An unusual Japanese dragon tsuba | Mandarin Mansion

An unusual Japanese dragon tsuba

Introduction

The import of foreign sword guards like those from China into Japan through maritime trade gave rise to an entire new genre of Japanese sword guards. Usually, these were of the typical Kwanto-gata or "Canton form" of two facing dragons reaching for an object in the upper center, often a (flaming) pearl. At some point, makers started to develop variations to this theme, resulting in some rather eccentric Canton tsuba.


This example


Height & width: 82 x 76 mm
Thickness: 5 mm
Weight: 117 grams

Origin: Japan
Materials: Iron, silver, gold, copper, shakudao
Dating: Probably 18th century
Use: Has been mounted

Description
This strange Japanese tsuba takes the Canton style another step further. Basically the only thing that was retained from the original concept are the fact that there is a dragon on either side of the tang aperture. Instead of going for a pearl, the dragons seem to be chasing one-another with one dragon actually managing to grasp one end of the bifurcated tail of the other dragon:

The dragons, with slender bodies and bifurcated tails vaguely resemble the Chinese "water dragon". The heads are curious, with a beak-like snout and manes that resemble those common on Higo work. Rare for this type of decor is that the dragons are entirely alone, and in empty space, with no other elements around them.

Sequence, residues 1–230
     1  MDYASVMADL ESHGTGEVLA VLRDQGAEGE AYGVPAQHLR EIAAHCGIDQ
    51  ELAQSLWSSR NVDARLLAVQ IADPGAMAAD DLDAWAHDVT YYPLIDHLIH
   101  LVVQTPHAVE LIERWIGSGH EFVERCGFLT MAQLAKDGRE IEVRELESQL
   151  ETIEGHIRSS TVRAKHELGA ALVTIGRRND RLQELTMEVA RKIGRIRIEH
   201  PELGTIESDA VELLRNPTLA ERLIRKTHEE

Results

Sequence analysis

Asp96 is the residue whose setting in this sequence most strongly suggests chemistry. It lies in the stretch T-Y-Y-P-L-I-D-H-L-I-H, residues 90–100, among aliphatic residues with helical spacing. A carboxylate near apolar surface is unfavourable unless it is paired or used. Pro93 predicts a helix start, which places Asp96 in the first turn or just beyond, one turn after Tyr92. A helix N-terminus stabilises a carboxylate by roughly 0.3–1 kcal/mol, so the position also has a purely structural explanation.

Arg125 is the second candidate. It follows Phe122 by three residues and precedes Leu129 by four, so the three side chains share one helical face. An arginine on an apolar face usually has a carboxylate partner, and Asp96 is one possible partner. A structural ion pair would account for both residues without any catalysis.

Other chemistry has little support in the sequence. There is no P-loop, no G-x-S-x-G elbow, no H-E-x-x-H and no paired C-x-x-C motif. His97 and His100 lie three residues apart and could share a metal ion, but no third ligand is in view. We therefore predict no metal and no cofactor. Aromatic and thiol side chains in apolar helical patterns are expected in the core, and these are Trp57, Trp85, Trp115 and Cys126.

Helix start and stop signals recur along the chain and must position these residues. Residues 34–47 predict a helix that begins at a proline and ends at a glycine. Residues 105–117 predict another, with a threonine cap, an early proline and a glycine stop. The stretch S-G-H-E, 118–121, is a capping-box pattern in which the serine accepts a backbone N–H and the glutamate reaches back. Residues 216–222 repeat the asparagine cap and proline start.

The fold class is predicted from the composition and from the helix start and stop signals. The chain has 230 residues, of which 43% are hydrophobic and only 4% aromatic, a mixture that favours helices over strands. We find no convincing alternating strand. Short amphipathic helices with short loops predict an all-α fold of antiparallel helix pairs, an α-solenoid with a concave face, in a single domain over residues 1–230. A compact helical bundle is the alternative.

They are carved in high relief, risen from a roughly finished background. The dragons as well as the raised rim were crosshatched and overlaid with silver. Only the eyes are covered with gold.

It has two hitsu-ana, the kogai-hitsu-ana is plugged with shakudo, a prized alloy of copper and gold.

In the bottom of the tsuba are two small holes. Two main explanations are given for pairs of small holes in tsuba:

1. Udenuki-no-ana, mostly found on older practical guards, are believed to have been holes for a wrist lanyard.
2. Sayadome-ana or "scabbard stop holes", commonly found on mainly Satsuma mounts. These held a strap that held the sword in the scabbard. Cords used where thin, so they broke upon pulling the sword but it prevented "unnecessary drawing of the saber", an important aspect of Jigen Ryu, the prevalent swordsmanship school practiced in Satsuma.1 Presumably, during inspections, they would show who had unsheathed his sword in public.

However, with both udenuki-no-ana as sayadome-ana the holes tend to be spaced much closer together than they are on this example, so maybe we need to search for a third explanation.

There is a signature on the washer seat, unfortunately illegible to me. It would be great to find out which school produced this most unusual piece. Any tips are welcome!

€ 1500,-

Interested? Questions?
Contact peter@mandarinmansion.com

Notes
1. Markus Sesko; Koshirae - Japanese Sword Mountings. Lulu, 2012. Page 160.







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